Sylvia Keepers is available to give talks and interactive presentations on several topics related to tutoring kids and coaching tutors and teachers. In connection with some of these events she offers, by arrangement, free introductory tutoring in speed reading for teens. She also will be available to discuss these and take questions online through the comments sections at times (to be determined) during the week. Each of the following topics is keyed to relevant portions of SMART! A Reading Tutor’s Guide.
- Mental Movies and More (Comprehension). [Ch. 5, 112-116]
Help teens understand and remember what they read by seeing in the mind’s eye and using strategic summarizing, a simple but powerful duo.
- Getting the Point (Main Idea, Seeing the Big Picture). [Ch. 6, 143-146; Ch. 8, 185-207; Ch. 18, 365-368]
Show teens how to see the forest and the trees. Here we discuss some strategies to help kids understand the main idea, predict, summarize and follow the train of thought in a passage. (We’ll even use fortune telling cards for a fun intro. to main idea.)
- Word Wisdom (Building Vocabulary). [Ch. 11, 252-254]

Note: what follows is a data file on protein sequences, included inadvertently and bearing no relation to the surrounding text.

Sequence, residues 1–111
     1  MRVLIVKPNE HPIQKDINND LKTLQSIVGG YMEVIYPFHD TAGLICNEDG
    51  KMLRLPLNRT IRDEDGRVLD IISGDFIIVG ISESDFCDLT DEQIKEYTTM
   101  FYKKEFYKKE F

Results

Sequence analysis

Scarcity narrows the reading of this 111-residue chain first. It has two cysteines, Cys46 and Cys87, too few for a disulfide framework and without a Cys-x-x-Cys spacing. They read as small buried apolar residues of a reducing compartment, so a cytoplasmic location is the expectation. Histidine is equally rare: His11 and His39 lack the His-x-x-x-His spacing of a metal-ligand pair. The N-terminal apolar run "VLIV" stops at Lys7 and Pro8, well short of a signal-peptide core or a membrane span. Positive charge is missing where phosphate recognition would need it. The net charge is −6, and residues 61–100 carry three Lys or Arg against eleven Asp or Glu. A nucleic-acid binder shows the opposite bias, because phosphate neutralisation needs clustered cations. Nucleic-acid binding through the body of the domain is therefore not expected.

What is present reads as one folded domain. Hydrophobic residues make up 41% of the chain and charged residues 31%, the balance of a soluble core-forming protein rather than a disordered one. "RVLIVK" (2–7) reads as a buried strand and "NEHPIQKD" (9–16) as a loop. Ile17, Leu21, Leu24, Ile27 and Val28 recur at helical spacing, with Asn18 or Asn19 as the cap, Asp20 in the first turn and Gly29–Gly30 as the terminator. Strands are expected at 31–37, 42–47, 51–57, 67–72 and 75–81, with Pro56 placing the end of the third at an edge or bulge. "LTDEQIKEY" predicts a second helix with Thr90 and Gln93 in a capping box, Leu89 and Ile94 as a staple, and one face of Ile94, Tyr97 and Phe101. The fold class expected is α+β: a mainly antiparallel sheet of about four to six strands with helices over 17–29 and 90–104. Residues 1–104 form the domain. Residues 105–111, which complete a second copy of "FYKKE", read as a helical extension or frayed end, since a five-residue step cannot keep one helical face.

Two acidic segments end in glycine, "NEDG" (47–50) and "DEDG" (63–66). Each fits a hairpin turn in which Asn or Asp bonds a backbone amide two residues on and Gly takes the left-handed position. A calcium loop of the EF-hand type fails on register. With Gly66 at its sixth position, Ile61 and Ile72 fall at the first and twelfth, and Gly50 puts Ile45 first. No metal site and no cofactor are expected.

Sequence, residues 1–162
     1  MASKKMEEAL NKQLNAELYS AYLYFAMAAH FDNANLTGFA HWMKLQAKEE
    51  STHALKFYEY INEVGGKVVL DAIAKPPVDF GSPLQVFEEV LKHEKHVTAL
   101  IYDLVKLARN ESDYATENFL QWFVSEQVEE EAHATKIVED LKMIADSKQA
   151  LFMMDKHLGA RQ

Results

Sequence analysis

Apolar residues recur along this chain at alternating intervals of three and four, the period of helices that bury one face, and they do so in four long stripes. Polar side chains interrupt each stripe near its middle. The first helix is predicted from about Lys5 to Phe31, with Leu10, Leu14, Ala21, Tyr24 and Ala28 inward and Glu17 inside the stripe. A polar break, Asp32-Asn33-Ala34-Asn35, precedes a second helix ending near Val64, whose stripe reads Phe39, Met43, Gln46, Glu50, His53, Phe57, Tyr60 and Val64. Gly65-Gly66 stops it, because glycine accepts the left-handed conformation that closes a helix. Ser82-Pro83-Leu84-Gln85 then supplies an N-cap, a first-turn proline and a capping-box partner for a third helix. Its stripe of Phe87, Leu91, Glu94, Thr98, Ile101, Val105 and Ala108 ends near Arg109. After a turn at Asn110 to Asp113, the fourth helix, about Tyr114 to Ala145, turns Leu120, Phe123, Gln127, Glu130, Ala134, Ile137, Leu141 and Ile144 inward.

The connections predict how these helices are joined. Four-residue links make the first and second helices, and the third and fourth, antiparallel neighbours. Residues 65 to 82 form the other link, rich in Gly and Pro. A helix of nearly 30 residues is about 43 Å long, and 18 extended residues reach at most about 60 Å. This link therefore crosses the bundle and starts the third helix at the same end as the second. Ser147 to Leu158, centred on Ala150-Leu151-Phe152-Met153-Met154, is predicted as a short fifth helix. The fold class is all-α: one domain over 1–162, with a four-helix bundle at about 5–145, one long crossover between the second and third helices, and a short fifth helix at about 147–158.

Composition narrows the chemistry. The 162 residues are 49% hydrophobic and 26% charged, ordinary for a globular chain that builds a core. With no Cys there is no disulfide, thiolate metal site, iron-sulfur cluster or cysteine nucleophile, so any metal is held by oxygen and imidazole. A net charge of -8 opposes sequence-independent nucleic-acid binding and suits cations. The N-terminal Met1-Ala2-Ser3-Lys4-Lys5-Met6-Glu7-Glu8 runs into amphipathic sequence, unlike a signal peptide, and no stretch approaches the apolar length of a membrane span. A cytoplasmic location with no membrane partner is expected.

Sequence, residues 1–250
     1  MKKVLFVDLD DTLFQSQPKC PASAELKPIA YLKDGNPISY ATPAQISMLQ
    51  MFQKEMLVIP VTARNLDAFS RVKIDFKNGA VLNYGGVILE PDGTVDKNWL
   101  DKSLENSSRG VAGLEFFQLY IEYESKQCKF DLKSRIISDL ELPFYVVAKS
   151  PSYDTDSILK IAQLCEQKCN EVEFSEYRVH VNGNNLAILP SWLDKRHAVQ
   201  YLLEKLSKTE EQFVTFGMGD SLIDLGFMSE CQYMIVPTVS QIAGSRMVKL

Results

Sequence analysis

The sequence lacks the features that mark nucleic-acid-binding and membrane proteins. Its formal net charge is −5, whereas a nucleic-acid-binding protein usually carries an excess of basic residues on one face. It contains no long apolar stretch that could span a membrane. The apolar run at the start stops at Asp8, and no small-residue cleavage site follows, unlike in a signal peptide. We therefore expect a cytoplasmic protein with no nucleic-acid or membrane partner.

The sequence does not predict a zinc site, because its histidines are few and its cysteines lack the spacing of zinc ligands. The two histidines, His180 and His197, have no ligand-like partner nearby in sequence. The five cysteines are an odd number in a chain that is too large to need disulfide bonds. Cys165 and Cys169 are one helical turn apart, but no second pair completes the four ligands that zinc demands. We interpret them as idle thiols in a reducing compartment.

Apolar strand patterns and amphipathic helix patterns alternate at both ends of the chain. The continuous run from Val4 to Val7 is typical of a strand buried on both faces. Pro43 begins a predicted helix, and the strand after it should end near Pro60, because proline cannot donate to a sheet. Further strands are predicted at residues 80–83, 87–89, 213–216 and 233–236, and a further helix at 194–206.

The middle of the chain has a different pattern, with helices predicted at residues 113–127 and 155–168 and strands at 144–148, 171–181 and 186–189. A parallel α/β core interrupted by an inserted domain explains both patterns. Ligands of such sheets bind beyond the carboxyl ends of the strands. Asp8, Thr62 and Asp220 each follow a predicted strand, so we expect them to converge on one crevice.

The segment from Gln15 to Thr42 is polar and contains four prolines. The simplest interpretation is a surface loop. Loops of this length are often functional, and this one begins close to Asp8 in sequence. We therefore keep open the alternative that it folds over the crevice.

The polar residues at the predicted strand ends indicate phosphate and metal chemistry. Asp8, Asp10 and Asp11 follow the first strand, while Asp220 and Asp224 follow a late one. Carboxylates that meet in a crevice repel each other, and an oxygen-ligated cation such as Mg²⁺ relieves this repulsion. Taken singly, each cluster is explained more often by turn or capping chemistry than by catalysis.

Vocabulary fun and wisdom. You don’t have to teach every word you want your student to know–you just have to show him how to learn, set up a system, then leave time for some fun.
- How to Double Your Reading Speed (Speed Reading with Comprehension). [Ch. 10-11, 223-156]
It’s true. Many students can double or triple their reading speed while maintaining good comprehension. Learn the basics in this talk, then use the book to finish up.
- Theme and Symbolism (Tutoring Literature). [Ch. 6, 158-163]
Everyone loves stories. Put that drive to use in this short introduction to theme and symbolism.
- Sounds and Sense (Phonics). [Ch. 12-13, 259-283, Appendix]
Is your student missing unfamiliar words? Even dyslexic kids really learn with this method.
- What’s Your Learning Type? (Targeted Teaching Using Myers Briggs Types). [Ch. 17, 325-340.
Are you a thinking type teacher with a feeling type student? Or vice versa? Accentuate your own strengths and those of your students with some basic knowledge about character types.
“Bart is up on the roof reading and he won’t come down!”
That’s what my next-door neighbor told me after I had been tutoring her son for a few months. Bart was one of my first students thirty years ago, and I knew I’d hit on something when I heard his mother “complain” about her son’s new reading habits. Bart, age twelve, and a non-reader when he started with me, had plainly gained some new reading skills—and discovered something more: he now loved to read. He wanted to pursue his new interest, and in his large family the roof was the only safe haven from chores and siblings. There have been dozens, even hundreds, of success stories since then, but this one always makes me smile. It was a moment of truth. A mischievous boy latches onto reading—and I realize this is the job for me.